Reaves, who turns 60 this month, plans to work until she's at least 70 and then wants to travel, even if she doesn't know where the money will come from.
"I just keep going. I don't really worry about it," she says.
Add this all up, and there's a "slow-burning" retirement crisis for boomers, says Anthony Webb, a research economist at the Center for Retirement Research.
"If you have a crisis where the adverse consequences are immediately clear, then people understand that they have to do something," Webb says. "When the consequences will be felt 20 or 30 years in the future, the temptation is that we kick the can down the road."
As a result, he believes many won't change their behavior.
For less affluent boomers, it won't take that long to feel the pain of poor planning. Concerns about financial trouble will hang over many of those 65th birthday celebrations in 2011.
Many seem to view their plight through rose-colored granny glasses. An AARP survey last month of boomers turning 65 next year found that they worry no more about money than they did at age 60 — before the recession or the collapse of home prices. But in an acknowledgement of reality, 40 percent said they plan to work "until I drop."

Tuesday, December 28, 2010

Chinese Anti-Carrier Missiles

Internatuonal News

TOKYO/SEOUL: China is stepping up efforts to deploy a “carrier-killer” missile system, the commander of the US Pacific Command has said in an interview with a Japanese newspaper, published on Tuesday.

“The anti-ship ballistic missile system in China has undergone extensive testing,” Admiral Robert Willard told the Asahi Shimbun in Honolulu, according to a transcript of the interview on its website.

Willard said China appeared to have achieved “initial operational capability” but it would take “several more years” before fully deploying the system.

US military analysts have warned China is developing a new version of its Dongfeng 21 missile that could pierce the defences of even the sturdiest US naval vessels and has a range far beyond Chinese waters.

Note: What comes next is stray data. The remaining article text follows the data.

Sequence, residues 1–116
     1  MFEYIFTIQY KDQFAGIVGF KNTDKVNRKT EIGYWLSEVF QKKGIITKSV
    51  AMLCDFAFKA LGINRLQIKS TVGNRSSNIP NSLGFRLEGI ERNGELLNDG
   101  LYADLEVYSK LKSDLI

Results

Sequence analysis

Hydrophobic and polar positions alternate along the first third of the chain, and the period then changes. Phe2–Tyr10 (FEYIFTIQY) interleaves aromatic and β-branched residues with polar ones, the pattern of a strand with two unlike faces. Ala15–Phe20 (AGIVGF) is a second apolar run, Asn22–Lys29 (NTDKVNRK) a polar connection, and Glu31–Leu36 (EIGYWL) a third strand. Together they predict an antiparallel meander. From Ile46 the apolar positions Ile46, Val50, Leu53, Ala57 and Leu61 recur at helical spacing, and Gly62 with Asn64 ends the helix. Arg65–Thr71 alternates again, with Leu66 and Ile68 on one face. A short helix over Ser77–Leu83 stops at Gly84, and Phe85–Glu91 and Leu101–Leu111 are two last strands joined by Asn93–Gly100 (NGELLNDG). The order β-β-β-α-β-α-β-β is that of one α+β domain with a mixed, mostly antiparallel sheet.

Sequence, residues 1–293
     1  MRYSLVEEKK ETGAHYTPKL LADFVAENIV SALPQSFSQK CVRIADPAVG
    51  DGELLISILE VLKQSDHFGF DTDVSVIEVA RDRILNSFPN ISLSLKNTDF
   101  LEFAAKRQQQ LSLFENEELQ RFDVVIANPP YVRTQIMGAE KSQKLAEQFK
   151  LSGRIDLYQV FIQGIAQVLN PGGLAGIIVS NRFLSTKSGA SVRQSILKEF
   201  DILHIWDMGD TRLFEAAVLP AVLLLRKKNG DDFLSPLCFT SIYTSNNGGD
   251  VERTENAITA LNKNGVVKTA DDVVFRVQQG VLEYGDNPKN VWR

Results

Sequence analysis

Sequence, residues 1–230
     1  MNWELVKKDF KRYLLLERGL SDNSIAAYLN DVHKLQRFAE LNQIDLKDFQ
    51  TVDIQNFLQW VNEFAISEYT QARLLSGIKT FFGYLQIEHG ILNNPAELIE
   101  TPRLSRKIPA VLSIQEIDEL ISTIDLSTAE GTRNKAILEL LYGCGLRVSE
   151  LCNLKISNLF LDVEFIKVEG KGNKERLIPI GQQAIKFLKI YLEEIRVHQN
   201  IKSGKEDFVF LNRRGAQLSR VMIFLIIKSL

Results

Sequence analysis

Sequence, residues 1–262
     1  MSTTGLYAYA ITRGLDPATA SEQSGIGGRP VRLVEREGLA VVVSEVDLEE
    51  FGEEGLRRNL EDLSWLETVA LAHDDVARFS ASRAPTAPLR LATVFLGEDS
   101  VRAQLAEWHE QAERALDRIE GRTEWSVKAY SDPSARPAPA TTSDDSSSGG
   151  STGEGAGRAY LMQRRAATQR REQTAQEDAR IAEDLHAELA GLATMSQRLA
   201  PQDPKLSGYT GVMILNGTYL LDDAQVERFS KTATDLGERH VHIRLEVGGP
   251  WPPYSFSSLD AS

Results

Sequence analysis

Washington has expressed rising concern over China’s military intentions following a string of double-digit increases in Chinese military spending and the rapid modernisation of its armed forces. In the interview, Willard also said China aims to become a global military power by extending its influence beyond its regional waters.

“They are focused presently on what they term their near seas—the Bohai, Yellow Sea, South China Sea, East China Sea,” Willard said.

“I think they have an interest in being able to influence beyond that point, and they have aspirations to eventually become a global military,” he said. “In the capabilities that we’re seeing develop, that is fairly obvious.”

Referring to tensions on the Korean peninsula, Willard warned that North Korea is ready to take another provocative step and called on China, Pyongyang’s sole major ally, to play its role in defusing the situation.

“I think, for now, we’re past this particular crisis, but we have no doubt, given North Korea’s history, that a next provocation is readied,” Willard told the daily.

“It’s a matter of assessing how it might be deterred or how the North Koreans might be dissuaded from exercising the next provocation,” he said.

Meanwhile, according to news reports earlier on Tuesday, Beijing is getting tougher with South Korean spies caught collecting intelligence there on North Korea, jailing one of them for more than a year despite pleas from Seoul.

The army major had been trying to collect information on the North’s nuclear and missile programmes when he was caught in July last year in a sting operation, Yonhap news agency and the Korea JoongAng Daily said. A defence ministry spokesman declined to comment.

The newspaper said the man it identified as Major Cho was arrested in the northeastern Chinese city of Shenyang following a rendezvous with a Chinese military officer posing as an informant.

Cho gave tens of thousands of dollars to the Chinese officer for information about the North’s nuclear development and missiles, it said. He was jailed for 14 months despite the South’s request that he be repatriated;

Fortress at Sea? The Carrier Invulnerability Myth
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Aircraft from Carrier Air Wing 14 perform a diamond formation fly-by over the USS Ronald Reagan (CVN-76) during an October 2009 Tiger Cruise for friends and family of Sailors assigned to the ship. These ships project power, but at what cost?
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America's nuclear-powered aircraft carriers, especially in today's irregular, asymmetric warfare climate, could be little more than slow-moving targets.
The recently renewed debate over aircraft carrier requirements has focused mainly on the factors of cost and utility. These issues notwithstanding, analysts often overlook or understate the carriers' inherent vulnerabilities. Regardless of the number of carriers national leadership decides to maintain, because they remain the U.S. Navy's preeminent capital ship and a symbol of American global power and prestige, they are a potential key target for both unconventional and conventional adversaries. Carrier proponents, however, universally seem to accept on faith alone the premise that a nuclear-powered aircraft carrier (CVN) is essentially invulnerable.